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Archive for the ‘Business Planning’ Category

WSU Business Transition Planning Certificate Program Announced

12/23/2013 Comments off

business-newsletter

Government Contracting Checklist

09/26/2013 Comments off

Thinking about entering into the world of government contracting? Vetrepreneur Magazine has created a Contracting Checklist to help guide you and your small business through this process. The list includes information on starting up, company registration, research, networking, and proposals.

Vetrepreneur Contracting Checklist

For more information on government contracting and Veteran Owned Businesses be sure to check out http://www.navoba.com/

Trying to Name Your Business or Product? These Tools Can Help

06/18/2013 Comments off

Wordnik, VisualThesaurus, TheFreeDictionary, UrbanDictionary, Ubersuggest

These tools will help you locate words related to your product or business.  Use this group of websites to generate a word bubble that contains several descriptive terms that are related to your product, service or business.

PunGenerator

This website will change common puns and phrases into puns using a word from your word bubble.

WerdMerge

Many common words you may want to use for your business or product name are already being used by others.  WerdMerge allows you to take short words and generate unique combined spellings.

WikiRhymer

This tool will help you find words that rhyme with your chosen primary term from your word bubble.

CreativityGames.net

This word generator will create random words based on your interaction with the site.

NameThingy

The title of this site says it all.

NameChk

Once you have a name, run a quick check to see how unique it truly is.

UpStart Business Journal : Tips for Monitoring Competition

01/25/2013 Comments off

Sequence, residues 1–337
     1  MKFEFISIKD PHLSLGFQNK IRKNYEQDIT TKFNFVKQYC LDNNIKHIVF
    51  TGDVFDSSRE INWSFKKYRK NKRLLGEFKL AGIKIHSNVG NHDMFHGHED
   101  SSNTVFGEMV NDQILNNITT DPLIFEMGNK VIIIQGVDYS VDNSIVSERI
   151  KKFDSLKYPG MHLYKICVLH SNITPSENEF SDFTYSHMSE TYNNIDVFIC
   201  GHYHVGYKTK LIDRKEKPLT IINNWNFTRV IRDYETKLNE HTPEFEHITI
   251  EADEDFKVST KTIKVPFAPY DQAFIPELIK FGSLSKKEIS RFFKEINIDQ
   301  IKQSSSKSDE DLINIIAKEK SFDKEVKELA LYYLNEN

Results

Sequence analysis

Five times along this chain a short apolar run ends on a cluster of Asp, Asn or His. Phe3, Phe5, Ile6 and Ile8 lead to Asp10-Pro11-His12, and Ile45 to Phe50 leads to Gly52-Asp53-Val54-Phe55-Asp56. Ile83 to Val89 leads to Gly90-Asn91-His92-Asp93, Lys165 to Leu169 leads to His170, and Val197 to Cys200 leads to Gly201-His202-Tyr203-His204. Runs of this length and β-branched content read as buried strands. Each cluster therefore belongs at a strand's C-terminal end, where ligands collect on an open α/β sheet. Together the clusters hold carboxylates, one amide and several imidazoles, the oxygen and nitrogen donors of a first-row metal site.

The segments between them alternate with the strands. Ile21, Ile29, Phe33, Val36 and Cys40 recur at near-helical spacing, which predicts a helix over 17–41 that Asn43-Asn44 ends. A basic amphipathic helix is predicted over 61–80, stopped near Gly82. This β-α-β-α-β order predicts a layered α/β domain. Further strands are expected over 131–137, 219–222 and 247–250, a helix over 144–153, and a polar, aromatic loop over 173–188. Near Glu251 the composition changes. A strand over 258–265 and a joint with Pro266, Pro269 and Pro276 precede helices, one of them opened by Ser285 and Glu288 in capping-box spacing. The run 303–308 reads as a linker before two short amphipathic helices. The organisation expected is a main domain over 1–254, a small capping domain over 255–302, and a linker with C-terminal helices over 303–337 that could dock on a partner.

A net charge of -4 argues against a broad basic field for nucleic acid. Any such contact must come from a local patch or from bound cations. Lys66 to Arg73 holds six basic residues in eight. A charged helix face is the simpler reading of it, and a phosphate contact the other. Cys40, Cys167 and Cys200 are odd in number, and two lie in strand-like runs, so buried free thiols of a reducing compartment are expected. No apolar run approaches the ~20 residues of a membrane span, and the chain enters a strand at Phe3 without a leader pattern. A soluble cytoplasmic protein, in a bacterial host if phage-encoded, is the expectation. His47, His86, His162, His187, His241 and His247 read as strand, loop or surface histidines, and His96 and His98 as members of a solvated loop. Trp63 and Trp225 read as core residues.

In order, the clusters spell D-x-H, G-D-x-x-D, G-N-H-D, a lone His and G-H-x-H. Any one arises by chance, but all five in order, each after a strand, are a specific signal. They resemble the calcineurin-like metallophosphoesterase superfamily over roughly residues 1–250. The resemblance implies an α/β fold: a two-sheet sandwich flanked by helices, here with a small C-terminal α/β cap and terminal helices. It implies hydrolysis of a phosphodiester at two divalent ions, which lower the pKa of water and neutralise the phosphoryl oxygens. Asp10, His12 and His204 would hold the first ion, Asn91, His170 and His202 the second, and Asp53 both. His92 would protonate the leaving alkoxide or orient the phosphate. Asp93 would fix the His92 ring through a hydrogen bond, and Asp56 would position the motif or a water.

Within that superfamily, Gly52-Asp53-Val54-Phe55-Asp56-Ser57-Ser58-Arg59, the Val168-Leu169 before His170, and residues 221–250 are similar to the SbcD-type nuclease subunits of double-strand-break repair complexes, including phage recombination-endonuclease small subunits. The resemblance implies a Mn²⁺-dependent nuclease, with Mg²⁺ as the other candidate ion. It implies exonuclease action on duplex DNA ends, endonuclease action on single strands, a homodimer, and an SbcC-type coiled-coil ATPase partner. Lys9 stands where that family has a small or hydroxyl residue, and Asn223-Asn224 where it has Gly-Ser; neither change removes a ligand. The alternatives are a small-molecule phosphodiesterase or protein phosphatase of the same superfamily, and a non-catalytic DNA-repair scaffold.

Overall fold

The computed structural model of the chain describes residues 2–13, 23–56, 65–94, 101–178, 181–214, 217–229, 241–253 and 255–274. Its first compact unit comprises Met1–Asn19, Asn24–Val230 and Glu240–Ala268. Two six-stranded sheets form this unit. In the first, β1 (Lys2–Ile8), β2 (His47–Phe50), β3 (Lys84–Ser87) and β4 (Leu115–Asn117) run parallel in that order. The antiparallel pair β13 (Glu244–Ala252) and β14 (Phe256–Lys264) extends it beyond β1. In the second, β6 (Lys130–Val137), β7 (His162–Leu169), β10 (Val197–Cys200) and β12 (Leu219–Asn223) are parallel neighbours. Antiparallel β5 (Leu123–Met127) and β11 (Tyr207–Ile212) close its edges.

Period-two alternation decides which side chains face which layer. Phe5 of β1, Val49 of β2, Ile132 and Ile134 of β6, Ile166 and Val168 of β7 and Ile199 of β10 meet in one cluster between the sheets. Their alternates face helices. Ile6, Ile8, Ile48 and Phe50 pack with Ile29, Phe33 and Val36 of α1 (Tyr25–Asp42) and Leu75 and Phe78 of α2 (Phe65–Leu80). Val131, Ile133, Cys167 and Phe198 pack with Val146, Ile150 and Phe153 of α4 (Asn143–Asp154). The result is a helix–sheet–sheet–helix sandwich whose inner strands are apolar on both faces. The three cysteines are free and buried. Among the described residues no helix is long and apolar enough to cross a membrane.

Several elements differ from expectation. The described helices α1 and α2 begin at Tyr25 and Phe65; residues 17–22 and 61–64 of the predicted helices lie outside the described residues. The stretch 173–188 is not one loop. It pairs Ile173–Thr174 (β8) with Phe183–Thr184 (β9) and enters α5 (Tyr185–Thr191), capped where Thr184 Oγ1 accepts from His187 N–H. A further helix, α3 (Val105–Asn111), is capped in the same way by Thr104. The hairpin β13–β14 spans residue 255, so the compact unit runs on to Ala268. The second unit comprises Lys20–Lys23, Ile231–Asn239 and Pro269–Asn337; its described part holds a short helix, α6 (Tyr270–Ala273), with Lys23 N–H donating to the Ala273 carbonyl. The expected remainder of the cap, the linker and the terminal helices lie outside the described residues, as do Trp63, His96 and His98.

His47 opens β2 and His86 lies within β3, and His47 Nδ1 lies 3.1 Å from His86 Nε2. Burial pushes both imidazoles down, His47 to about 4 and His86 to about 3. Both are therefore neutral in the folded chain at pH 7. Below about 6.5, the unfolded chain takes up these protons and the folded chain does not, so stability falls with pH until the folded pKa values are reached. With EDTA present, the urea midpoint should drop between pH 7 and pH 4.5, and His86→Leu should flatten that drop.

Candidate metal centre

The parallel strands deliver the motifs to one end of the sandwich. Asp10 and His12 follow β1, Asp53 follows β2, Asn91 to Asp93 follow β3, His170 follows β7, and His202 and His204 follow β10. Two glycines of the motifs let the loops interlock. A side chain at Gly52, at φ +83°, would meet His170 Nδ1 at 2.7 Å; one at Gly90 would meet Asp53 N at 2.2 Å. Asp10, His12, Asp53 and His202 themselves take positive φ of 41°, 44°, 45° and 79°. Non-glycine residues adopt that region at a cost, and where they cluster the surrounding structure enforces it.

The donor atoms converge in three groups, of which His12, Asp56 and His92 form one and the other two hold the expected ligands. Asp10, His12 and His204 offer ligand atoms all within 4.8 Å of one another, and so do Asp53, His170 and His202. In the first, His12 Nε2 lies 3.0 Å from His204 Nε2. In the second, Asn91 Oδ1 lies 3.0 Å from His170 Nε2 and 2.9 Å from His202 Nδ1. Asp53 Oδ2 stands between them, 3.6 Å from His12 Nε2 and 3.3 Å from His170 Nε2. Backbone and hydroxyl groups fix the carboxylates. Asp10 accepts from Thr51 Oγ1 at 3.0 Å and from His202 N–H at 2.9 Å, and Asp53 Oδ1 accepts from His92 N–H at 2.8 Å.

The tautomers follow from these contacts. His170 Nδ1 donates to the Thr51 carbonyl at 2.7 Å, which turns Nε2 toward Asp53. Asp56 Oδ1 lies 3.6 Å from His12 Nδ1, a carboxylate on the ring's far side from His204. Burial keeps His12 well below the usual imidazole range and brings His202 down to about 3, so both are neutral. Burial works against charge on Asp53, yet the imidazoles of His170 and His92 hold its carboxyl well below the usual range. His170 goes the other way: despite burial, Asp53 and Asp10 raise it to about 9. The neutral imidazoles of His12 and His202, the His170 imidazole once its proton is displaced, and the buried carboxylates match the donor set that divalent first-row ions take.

In today’s competitive markets, every piece of knowledge that puts your business one step ahead of the competition is always critical.  Sometimes this knowledge can stem from the competition itself.  Here are six easy ways to monitor your competition to look for a competitive advantage…

1.) Subscribe to their blogs

Businesses these days are becoming more and more transparent, use this to your advantage.  Reading their blogs and posts can help you understand their newest features and latest products.

2.) Use their products

Using the competition’s websites often can help you discover new features on their webpages before they are officially released.  Many companies “soft-launch” features little by little, keeping up to date with their websites can help you learn and detect these new features.

3.) Look at their photos

With social media and corporate websites, pictures are extremely easy to come by.  Taking a look at each of these pictures can help you assess the company by finding out its culture, what computers and hardware they use, even how many employees they have.

4.) Monitor their press releases and news

Similar to reading their blogs, monitoring press releases and news can give you all sorts of information on the competition. To keep up with these, set up Google alerts to notify you.

5.) Monitor their Twitter and Facebook pages

A lot can be said of how people perceive your company, and the same goes for your competition.  Monitoring these two social media sites will allow you to learn how the public feels about your competition, what they like and dislike can both be helpful.

6.) Understand their employees

Employees are the greatest asset to any business.  Understanding the competiton’s employees can help you learn about the company, why it was started, and what drives the people behind it.  Understanding them can be as simple as following them on LinkedIn or Facebook, use the web to your advantage.

For the full article, go to http://upstart.bizjournals.com/resources/advice/2012/10/29/monitoring-your-competition-online.html?ana=e_du_ubj&s=article_du&ed=2012-10-30&page=all